CourseraWhy technological innovation is crucial for higher education

Why technological innovation is crucial for higher education

The pandemic brought students and staff swiftly up to speed with digital innovation, but technology’s role extends beyond online learning, according to a panel at THE Live Asia

Covid-19 has both highlighted and accelerated the need for technological innovation in all sectors, and universities must take note. Leading a discussion on the topic at THE Live Asia, Raghav Gupta, managing director for India and APAC at Coursera, said universities faced multiple challenges – from ensuring students can access online teaching to equipping them with the digital skills they’ll need in the post-pandemic labour market.

One of the most crucial roles technology has played in the past eight months has been keeping students connected, said Les Allan, director of safeguarding and logistics at Heriot-Watt University Malaysia: “Our students are no longer based in one place, with many studying and participating in our university processes from across the world. I think we need to be adaptive and use technology that can be reconfigured quickly to support particular circumstances.”

Technology has dramatically changed the role of academics and this will continue to evolve, according to Karin Avnit, deputy director of the Centre for Learning Environment & Assessment Development at the Singapore Institute of Technology. “It used to be that we came to the professor because they were the source of knowledge – now, technological innovations are not replacing good teaching but they allow it to be better utilised,” she said. “The role of the professor is more of guidance, helping us sieve our way through the sea of information that is out there and, more importantly, to provide inspiration to untangle concepts.”

Greater technological innovation in academia also improves how data is used and the insight it offers. Lyu Qiulang, director of the product and application support centre at XuetangX, a massive open online courses platform created by Tsinghua University, explained how data can anticipate what students learn in class, arming them with knowledge before face-to-face learning: “We can make classroom interaction more vivid, collecting data during teaching activities such as real-time examination, meaning we can monitor the daily teaching dynamics of the entire university.”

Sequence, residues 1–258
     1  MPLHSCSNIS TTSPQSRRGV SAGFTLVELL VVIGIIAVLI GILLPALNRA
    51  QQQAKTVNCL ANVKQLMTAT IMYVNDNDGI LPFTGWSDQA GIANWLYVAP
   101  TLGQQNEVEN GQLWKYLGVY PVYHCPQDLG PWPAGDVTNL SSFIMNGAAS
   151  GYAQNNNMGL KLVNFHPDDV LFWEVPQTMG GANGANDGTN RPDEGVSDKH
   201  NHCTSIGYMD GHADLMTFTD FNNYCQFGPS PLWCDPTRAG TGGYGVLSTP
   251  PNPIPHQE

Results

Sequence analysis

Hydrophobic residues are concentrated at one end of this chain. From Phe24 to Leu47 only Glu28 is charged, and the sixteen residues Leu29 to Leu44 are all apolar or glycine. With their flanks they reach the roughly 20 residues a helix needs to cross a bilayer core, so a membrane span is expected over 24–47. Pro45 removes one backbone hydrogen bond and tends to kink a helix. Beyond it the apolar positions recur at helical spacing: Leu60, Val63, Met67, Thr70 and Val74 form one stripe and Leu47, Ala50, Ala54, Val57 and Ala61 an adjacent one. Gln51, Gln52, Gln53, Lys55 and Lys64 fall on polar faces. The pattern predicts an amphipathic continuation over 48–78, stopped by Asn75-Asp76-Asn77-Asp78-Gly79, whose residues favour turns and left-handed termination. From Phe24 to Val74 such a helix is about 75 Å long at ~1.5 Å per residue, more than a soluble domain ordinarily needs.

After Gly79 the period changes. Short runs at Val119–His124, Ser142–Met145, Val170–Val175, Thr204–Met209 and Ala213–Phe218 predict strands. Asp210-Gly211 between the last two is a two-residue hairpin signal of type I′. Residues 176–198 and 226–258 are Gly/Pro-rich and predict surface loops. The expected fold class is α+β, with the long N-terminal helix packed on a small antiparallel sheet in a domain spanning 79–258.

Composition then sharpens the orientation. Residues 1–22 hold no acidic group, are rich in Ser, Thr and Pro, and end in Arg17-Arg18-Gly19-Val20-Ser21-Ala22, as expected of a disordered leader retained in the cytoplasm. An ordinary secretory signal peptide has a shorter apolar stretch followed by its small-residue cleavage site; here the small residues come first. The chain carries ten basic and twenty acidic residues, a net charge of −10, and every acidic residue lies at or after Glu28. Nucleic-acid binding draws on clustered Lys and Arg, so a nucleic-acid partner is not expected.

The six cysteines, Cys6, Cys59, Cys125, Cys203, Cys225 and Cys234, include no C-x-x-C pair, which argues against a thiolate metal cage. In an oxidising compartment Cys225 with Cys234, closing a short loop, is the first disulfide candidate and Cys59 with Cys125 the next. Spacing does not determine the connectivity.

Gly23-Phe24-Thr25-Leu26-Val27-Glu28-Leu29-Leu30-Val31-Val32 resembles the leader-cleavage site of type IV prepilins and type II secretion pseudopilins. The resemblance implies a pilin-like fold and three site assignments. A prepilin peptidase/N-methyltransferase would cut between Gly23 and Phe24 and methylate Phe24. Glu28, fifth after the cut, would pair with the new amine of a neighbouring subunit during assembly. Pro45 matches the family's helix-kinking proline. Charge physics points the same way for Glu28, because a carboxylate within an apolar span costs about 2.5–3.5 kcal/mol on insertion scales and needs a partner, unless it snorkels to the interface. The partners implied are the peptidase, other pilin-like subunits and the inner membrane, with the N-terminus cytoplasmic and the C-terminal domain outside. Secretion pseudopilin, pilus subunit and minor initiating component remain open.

Tokyo University of Science is analysing data from 20,000 students to see where their gaps in achievement lie in relation to their career goals, said Atsuo Yasumori, managing director of the university’s board. This sort of insight can help universities manage administration more effectively, added Jiang Wu, executive vice-president of Tongji University.

At Chiang Mai University in Thailand, incentives for academic staff are increasingly built around how they embrace new teaching methods and equip students with the knowledge to deal with disruptive technologies. But there will be wider implications for the university’s profile internationally, said Sampan Singharajwarapan, the university’s vice-president. “It means a chance to develop double and joint degree programmes with international institutions. As the national research university, we also have to prove our economic value in society, so technological innovations for us are a matter of survival.”

Innovations such as virtual and augmented reality – particularly at a time when in-person teaching is suspended – can immerse students in activities and provide a richer teaching experience, added Christian Wagner, associate provost for quality assurance at City University of Hong Kong. “We can build a synthetic virtual world to simulate a dangerous situation and test what happens if parameters are changed; we can get inside molecules or witness the artistic process,” he said.

During the pandemic, technology helped universities forge tighter relationships with their communities. One example is the gaming design department at Chitkara University in India, which built an immersive game to demonstrate the importance of social distancing, hand washing and wearing masks. Vice-chancellor Archana Mantri summarised her three key drivers of innovation as “equity, accessibility and quality of education, health and well-being”, highlighting why digital innovation in higher education is not just important for universities themselves, but to society as well.

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